More Classic Lenses: Leica 50 1.5 Summarit & the Canon 50 1.2 LTM


More Classic Lenses: Leica 50 1.5 Summarit & the Canon 50 1.2 LTM

1st up, the classic but unique Leica 50 1.5 Summarit


The Leica 50 Summarit has had a weird reputation as an oddball “crazy bokeh” super soft lens and for years I held off on buying one for that very reason. Every time I have seen samples they were crazy soft and without any sharpness to be seen along with almost NO contrast. But at the same time, it had a unique look..almost like the lens was painting the pixels on to the memory card from the sensor. When I thought about it more I knew that this lens may be just about perfect for shooting B&W due to the lower contrast and “glow” it usually has in images I see.


After deciding to try one I recently had the opportunity to acquire an old stiff focusing 50 Summarit 1.5 lens. This copy was made in 1951 and 3000 of them were made that year. This lens started production in 1939 and was made through 1957 so there are many copies out there from super old to just really old. There were a total of just under 75,000 Leica Summarit 1.5 lenses made and I always see them for sale on buy/sell forums or sites such as

This lens on the M 240 at higher ISO


When my 1951 arrived I was pleased with the small size, hefty build and chrome classic look. I attached it to my Leica Monochrom and took some test snaps. When I pulled them up on my display I was shocked! Expecting to see super fuzzy soft low contrast images wide open I was instead seeing images that were pretty damn sharp, had medium contrast and a Bokeh I could describe as “unique” with some swirl and pleasing attributes. Hmmm. I think I am going to like this little guy.

Here is a shot at f/2 from my Summarit and Monochrom. Looks good to me. 


The lens I have looks a bit dirty inside when looking through the glass. I see a bit of dust, dirt and crud but not really any haze. The problem many have with this lens is HAZE. If you shine a flashlight through your old lens and it looks cloudy or “hazy”, you may have some  haze going on. For this summarit all I see is dirt that has somehow been trapped inside for many years, but it still gives a decent image. No fungus, no oil, no scratches on the glass, no other issues. Dirt and dust will not really affect your images.

When shot wide open it appears that the lens can be sharp in the center with a super quick falloff into softness. The hydrant shot above…the hydrant is sharp but it is in the center of the frame and also at f/2 where my copy sharpens up considerably.

When shot at 1.5 you will see the Summarit character come out.





I have to say that I love what I am seeing coming out of this old classic but I wish my lens focused smoother. It is very stiff so I may just send it off for a CLA but I am afraid I will be trying to fix what is not broken, lol. It focuses SPOT ON perfect, even wide open. I have no focus shift and am loving the output, even the wild Bokeh it can give. I will be shooting more with this lens including some color when I get another new M 240 🙂 When I do I will add to this page with samples.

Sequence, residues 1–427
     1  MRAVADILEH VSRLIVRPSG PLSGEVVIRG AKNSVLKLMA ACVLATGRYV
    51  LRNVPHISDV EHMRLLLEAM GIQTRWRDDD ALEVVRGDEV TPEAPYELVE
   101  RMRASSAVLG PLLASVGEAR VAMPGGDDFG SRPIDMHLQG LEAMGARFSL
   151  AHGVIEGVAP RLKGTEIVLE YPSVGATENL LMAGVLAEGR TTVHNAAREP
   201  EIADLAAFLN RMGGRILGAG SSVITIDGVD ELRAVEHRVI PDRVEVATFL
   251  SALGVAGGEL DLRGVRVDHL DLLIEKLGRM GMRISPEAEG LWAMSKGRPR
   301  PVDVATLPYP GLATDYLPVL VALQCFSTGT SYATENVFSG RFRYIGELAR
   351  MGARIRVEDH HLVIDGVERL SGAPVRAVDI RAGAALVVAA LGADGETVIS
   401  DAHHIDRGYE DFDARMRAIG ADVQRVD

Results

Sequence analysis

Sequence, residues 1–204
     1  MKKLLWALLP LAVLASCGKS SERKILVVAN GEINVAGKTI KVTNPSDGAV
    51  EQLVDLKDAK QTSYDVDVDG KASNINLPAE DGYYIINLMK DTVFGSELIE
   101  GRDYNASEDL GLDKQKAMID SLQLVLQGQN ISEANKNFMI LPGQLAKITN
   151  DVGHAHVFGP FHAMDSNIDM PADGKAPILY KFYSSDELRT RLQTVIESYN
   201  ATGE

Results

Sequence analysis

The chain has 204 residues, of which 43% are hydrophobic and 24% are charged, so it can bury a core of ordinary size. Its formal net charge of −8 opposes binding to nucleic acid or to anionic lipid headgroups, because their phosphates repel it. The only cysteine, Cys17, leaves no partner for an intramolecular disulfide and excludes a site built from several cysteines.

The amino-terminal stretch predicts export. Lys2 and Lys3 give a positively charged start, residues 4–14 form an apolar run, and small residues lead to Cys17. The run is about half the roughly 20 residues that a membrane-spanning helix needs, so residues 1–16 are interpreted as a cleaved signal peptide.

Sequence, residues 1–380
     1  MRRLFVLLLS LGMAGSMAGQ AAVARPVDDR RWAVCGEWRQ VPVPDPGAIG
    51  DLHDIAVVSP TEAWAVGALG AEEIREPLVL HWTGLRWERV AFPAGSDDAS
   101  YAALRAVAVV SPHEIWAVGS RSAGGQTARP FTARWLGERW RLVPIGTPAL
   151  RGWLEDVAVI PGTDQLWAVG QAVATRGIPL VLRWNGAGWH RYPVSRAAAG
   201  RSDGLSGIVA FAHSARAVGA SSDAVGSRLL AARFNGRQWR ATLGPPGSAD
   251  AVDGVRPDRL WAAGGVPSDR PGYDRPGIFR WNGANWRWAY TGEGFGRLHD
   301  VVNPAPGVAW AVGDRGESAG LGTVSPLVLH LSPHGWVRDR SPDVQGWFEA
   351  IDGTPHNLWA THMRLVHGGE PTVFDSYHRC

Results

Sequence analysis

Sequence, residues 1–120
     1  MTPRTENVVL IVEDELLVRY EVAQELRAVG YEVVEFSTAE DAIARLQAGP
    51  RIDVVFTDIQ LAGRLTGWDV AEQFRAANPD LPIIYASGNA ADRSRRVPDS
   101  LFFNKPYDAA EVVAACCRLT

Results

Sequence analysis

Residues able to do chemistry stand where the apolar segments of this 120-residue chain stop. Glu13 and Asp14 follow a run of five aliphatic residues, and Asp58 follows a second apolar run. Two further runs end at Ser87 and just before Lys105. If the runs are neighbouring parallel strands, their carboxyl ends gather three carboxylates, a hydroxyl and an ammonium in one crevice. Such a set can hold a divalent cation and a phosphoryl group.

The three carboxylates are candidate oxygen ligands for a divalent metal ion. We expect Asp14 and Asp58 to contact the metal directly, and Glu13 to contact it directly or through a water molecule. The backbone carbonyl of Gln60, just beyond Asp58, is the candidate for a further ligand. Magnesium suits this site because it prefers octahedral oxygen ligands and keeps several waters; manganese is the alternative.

A full size from camera shot wide open with the little Summarit. Look at how sharp this lens CAN be. Focus is on the center leaves hanging from the tree.


Next up, the Canon 50 1.2 LTM Lens. A Superfast and nice sized 50mm on the cheap, and guess what? It’s awesome!


If you want something REALLY unique and different with Bokeh that no other lens will give you then take a look at this Canon 50 1.2 LTM. Expect to pay around $600 and up or so for a good copy (compare that to $7-10k for a Noctilux) and if you want the original 50 1.2 hood, another $200 on top of that. This lens is larger and fatter than most of these classic lenses but it has a massive front element. It looks bad ass on a Leica M and amazing on my Monochrom with a mix of chrome and black. While having that short and stout appearance it is not too large and sized very nicely and still much smaller than even a classic Leica Noctilux f/1.

Stopped down to f/4 it looks great. Sharp, contrasty, and just about as good as most 50’s around.



But this lens is no Noctilux when shot at f/1.2, not even close really.

When I shot this lens I was let down at first as what was coming from the camera was VERY washed out with the lowest contrast I have seen coming from ANY lens..ever. I was about to sell it until I saw the Bokeh and realized that with some Processing the contrast is not an issue. I also realized that I have never seen a lens with this type of output. Just like the Leica Noctilux has its own unique look that some love and some hate, so does this Canon 50 1.2 LTM.



In fact, it is one of those lenses that can define you as an artist, just do not expect razor-sharp results or even normal results. After messing with the files a bit and adding some contrast to wide open shots I started to realize that this lens was staying in my collection of classic glass.